Most businesses know that data protection is a serious issue. Too few, however, understand why or for how long they are legally required to retain key records. This typically results in a document storage set-up that is disorganised and – unbeknownst to staff – non-compliant. Without a referencing system or clear segmentation policy in place, companies can fall short of legal document retention requirements and face stiff penalties.
During a busy work period, it’s easy to throw important records into the closest box until further notice, but this can cause unnecessary issues down-the-line. It may be a challenge to establish a solid data retention policy, but it’s an absolute priority for businesses of all shapes and sizes.
Here are four areas of data retention to focus on so that you can ensure your business stays compliant.
- The regulations
There is no central repository of regulatory information which can make staying up-to-date and informed a tricky task. Data retention requirements can vary significantly depending on the type of record: you may have to hold certain HR and financial documents for up to seven years, building regulation documents for up to 21 years and insurance documents for up to 40 years.
A comprehensive understanding of the legal ramifications requires continuous examination of legislation – whether that’s the Data Protection Act, VAT Act, or any other type of regulation.
The penalties involved in breaching data retention regulations differ according to the actual record in question and the type of regulation you are in breach of. For example, HMRC can fine you for not having VAT records available – and the amount can change depending on how many times you default within a 12-month period.
- Hard copies versus electronic copies
The General Data Protection Regulation (GDPR), due to come into force in May 2018, takes a strong stance on electronic data protection, which has resulted in more companies starting to digitise their records. However, you are not actually legally bound by the regulation to digitise any documents – it simply comes down to your preferred method of document storage.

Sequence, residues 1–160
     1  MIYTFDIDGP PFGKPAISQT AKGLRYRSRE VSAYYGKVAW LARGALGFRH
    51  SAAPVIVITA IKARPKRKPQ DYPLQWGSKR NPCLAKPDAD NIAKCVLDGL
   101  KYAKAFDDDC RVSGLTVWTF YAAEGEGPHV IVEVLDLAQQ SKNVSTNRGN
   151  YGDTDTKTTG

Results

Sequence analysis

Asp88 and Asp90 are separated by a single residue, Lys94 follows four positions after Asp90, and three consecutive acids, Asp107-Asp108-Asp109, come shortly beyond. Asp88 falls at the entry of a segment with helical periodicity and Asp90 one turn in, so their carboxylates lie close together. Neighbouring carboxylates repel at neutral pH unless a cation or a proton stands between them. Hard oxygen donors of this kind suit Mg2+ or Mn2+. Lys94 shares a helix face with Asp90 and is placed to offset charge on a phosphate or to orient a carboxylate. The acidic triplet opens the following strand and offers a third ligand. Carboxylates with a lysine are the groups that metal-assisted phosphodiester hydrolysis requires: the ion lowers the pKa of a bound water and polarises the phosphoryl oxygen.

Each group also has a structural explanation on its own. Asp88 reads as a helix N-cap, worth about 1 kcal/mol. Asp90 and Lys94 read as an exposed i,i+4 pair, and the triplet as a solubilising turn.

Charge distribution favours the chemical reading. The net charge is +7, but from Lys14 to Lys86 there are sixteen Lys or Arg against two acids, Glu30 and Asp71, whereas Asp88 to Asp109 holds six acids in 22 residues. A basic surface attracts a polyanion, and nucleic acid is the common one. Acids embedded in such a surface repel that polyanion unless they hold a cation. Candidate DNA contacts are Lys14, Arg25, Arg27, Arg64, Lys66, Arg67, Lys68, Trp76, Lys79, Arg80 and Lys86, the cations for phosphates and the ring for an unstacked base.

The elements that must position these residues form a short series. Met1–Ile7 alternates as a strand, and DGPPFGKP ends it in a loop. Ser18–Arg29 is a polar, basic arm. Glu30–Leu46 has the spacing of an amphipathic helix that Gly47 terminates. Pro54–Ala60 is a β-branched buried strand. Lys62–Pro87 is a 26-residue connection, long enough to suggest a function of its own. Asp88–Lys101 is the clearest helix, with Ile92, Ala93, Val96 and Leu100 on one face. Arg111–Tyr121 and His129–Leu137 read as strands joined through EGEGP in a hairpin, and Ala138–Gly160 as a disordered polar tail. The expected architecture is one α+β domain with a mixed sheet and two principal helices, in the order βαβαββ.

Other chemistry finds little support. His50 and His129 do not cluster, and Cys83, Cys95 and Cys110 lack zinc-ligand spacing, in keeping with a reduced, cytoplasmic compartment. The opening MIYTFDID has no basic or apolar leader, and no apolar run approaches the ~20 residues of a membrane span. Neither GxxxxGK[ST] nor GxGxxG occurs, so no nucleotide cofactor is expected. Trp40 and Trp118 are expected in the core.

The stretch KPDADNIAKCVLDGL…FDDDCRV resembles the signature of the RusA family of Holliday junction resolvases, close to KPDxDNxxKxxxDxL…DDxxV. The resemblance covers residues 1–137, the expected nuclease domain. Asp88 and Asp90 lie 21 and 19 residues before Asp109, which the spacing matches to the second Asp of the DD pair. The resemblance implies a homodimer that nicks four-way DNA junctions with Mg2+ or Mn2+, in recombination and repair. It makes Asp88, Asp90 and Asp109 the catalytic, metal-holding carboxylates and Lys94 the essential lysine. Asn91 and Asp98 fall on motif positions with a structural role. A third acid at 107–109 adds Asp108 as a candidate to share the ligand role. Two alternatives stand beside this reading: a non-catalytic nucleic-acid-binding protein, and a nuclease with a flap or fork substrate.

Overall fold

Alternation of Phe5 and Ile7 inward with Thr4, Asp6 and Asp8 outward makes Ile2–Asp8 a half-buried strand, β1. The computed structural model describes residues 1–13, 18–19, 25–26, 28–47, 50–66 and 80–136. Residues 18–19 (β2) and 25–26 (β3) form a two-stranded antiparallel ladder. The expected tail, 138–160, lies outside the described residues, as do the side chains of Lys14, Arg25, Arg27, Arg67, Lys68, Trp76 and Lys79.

- The records
Your business will need to retain a variety of general business, financial and HR documents. It’s important to examine the relevant legislation on a regular basis as lesser known legislative requirements may slip your attention. Here are some examples of the kinds of records that you might not currently realise need to be securely stored.
Pensions schemes data: As per the Registered Pension Scheme (Provision of Information) Regulations 2006 (No. 18), business data and documents concerning pension schemes require a minimum storage time of six years.
Injuries, diseases and accidents reports: The Reporting of Injuries, Diseases and Dangerous Occurrences Regulations (No.12) 2013 states that accident reports need to be stored for a minimum of three years. The maximum time depends on the general restrictions regarding personal data.
Business contracts and agreements: According to the Limitation Act 1980 (Section 5), any business contracts, agreements and other arrangements need to be safely stored for the length of the contract and for six years after the agreement has been terminated.
- Your business policy
Your data retention policy needs to apply to everyone in your company from the top down. This is especially important if your company chooses to manage your document storage in-house. Make sure that all your staff understand the importance of data protection and the applicable legislation.
A do-it-yourself approach must take the appropriate steps to ensure that the data storage areas are safe, dry, fire-retardant and secure – not a simple task by any means. You’ll also need to establish a filing system that has easy-to-use referencing guidelines so you can quickly retrieve documents if required to by an inquisitive authority.
Good data retention is not just about knowing how to keep your documents safe and secure, it’s also about knowing how to dispose of data properly once it no longer needs to be retained. Records containing sensitive information need to destroyed according to a set policy, not just thrown into the nearest bin. Shredding confidential documents protects data from falling into the wrong hands.
Data retention is a process which can become overwhelming – if not done correctly. Make sure your business policy is in line with all the regulations and that your staff are up-to-date with any legal changes. That way, data retention won’t be a costly afterthought and you’ll be able to get on with business profitably and productively.
By Ian Henry, records centre manager at Access Records Management
Find out how to ensure that your company is fully prepared for the implementation of GDPR by attending the GDPR Summit Series, designed to help businesses prepare to meet the requirements of the GDPR ahead of May 2018 and beyond.
Further information and conference details are available at www.gdprsummit.london